A newspaper out of southwest Turku, Turun Sanomat, starts off the week with a story on happy taxpayers in Finland. A new poll commissioned by the Tax Administration suggests that Finnish attitudes towards taxation have improved. Results indicate that a full 79 percent gladly contribute a share of their earnings to fund various public expenditures.
This approval level has risen by 10 percent in the last four years. A resounding 96 percent of the poll's respondents say they believe that tax revenues are very important to maintain the welfare state. Another 93 percent say they pay their taxes and any possible back taxes that are owed on time. Attitudes towards tax evasion have also become much tougher.
Three times as many trainees
The Aamulehti newspaper out of Tampere features a report on new Border Guard training. The Finnish Border Guard is charged with guarding Finland's borders on land and at sea, carrying out border checks at crossing points, ports and airports, and performing search and rescue operations, particularly at sea. The government decided to grant the organisation up to 10 million euros in added funding to train new personnel last year, after years of savings reduced their numbers.
Three times more students than normal will be admitted to Border Guard training programmes over the next two years. The first class of 120 new recruits will begin in January 2018. The plan is to post 55 more guards along the eastern border, assign 55 more to address expanding EU security issues, and post another 45 additional guards to carry out patrol duties at the Helsinki Airport.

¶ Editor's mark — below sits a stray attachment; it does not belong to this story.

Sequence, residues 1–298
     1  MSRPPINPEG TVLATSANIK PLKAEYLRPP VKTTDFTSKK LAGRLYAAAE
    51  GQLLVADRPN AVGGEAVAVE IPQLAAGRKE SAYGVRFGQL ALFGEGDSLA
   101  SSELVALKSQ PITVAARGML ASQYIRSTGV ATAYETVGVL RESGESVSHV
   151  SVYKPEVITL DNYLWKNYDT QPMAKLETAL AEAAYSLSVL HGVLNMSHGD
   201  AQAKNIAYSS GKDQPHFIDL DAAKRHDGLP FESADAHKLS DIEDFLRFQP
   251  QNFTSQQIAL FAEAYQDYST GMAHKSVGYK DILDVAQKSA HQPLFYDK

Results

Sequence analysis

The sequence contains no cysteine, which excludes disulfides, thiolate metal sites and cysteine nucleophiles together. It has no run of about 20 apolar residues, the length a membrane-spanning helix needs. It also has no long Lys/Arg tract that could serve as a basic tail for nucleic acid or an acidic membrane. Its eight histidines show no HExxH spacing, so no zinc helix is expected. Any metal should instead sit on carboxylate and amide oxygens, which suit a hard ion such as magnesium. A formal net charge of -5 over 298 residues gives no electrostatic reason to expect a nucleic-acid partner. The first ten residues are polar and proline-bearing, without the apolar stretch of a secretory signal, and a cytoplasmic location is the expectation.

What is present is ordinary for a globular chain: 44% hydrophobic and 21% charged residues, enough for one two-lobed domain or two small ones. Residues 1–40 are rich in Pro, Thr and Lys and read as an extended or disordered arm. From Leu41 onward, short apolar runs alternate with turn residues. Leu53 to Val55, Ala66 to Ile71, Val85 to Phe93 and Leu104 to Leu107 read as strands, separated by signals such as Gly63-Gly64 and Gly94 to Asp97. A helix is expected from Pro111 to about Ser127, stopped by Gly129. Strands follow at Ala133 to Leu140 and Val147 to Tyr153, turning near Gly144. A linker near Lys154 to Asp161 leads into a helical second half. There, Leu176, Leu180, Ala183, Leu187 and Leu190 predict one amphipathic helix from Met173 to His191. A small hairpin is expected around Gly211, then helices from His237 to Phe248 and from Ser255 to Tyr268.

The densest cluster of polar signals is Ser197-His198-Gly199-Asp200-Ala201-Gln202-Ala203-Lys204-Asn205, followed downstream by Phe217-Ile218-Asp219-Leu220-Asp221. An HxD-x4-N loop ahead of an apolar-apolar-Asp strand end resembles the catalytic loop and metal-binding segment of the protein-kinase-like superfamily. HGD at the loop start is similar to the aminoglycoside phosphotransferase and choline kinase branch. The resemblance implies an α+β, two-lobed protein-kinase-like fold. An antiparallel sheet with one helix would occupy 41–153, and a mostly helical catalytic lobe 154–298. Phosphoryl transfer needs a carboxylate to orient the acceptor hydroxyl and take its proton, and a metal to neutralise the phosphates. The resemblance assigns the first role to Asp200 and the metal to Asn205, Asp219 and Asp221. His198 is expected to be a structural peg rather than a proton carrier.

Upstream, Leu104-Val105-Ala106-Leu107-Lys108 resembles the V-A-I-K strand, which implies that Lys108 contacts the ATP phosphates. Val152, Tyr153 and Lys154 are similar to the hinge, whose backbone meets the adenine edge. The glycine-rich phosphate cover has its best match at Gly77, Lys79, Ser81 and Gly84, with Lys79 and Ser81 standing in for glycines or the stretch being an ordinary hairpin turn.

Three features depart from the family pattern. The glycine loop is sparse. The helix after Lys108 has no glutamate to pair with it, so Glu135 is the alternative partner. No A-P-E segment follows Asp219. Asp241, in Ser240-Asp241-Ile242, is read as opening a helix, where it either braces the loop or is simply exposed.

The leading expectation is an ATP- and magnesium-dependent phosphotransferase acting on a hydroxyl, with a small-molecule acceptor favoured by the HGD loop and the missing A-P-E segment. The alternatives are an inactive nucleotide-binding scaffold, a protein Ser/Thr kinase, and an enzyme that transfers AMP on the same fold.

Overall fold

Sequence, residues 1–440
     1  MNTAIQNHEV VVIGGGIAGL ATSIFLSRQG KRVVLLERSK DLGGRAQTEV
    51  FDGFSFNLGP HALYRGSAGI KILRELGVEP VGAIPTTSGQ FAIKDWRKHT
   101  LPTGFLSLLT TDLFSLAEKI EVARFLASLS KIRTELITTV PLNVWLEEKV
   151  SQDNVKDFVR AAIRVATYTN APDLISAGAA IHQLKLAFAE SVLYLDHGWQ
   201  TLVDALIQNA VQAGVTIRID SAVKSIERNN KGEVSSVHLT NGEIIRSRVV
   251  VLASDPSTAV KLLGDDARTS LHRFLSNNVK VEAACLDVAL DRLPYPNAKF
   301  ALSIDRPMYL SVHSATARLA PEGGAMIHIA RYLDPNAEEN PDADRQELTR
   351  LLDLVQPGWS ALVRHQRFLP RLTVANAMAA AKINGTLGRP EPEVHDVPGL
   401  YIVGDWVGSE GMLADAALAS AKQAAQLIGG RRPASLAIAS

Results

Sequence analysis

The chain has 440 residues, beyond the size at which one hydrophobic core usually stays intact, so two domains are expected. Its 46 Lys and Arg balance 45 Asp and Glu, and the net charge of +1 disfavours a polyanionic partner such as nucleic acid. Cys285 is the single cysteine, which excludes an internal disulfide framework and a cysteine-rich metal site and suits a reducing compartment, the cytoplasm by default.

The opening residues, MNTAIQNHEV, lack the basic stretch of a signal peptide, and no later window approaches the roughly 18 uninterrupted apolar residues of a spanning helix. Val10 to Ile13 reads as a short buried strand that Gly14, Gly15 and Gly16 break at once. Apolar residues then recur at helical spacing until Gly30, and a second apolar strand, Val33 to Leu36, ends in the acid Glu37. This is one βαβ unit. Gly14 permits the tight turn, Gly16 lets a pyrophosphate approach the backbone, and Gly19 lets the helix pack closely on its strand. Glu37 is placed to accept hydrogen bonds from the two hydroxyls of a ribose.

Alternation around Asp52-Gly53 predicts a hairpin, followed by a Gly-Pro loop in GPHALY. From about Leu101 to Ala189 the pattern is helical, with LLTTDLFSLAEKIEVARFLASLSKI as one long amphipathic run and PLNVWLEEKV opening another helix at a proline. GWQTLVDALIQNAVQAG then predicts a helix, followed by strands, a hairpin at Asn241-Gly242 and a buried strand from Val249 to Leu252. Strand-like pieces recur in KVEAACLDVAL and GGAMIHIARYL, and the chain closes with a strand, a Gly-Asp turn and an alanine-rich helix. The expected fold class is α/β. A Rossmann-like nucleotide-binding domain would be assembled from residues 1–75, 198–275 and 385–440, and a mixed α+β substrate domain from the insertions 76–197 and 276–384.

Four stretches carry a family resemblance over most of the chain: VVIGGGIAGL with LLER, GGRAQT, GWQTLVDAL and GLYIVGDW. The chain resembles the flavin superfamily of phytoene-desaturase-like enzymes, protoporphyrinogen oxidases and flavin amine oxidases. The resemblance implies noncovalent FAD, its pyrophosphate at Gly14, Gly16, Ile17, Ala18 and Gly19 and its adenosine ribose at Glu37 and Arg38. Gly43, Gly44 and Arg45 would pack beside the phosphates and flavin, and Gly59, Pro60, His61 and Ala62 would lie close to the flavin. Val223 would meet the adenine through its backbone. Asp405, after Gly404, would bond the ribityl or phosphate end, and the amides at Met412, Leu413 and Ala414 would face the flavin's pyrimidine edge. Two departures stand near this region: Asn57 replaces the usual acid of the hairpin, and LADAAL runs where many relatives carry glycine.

The Border Guard's head of planning and finance, Colonel Jaakko Hamunen, tells the paper that the money allocated was about half of what the group requested to meet its growing obligations. Airport operations in particular have increased far more than expected. He says the Border Guard will likely have to come knocking on lawmakers' doors again soon, to make sure that Finland's mounting need for security monitoring is up to snuff.
Marry me or I will kill myself
Next to the newspaper many capital city dwellers start their day with: Helsingin Sanomat. It tells the haunting story of Anna, who was harassed into marrying an asylum seeker.
Most forced marriages in Finland involve children under 18. Officials are aware of 22 marriages that took place in Finland in 2015 in which one of the partners was underage. In over half of these cases, one of the partners lived outside of Finland.
Anna was married just four days after she had turned 18 in a magistrate's office in southern Finland. Her new husband was a 32-year-old man she had met at her summer job. He was also originally from an Asian country, but a different one from which Anna had arrived in Finland many years earlier. He quickly began to harass her, sending texts and presenting demands. He insisted that she marry him so he could be granted residence in Finland. He begged, threatened and blackmailed her, saying that if she would not agree to do it, he would commit suicide outside her family home.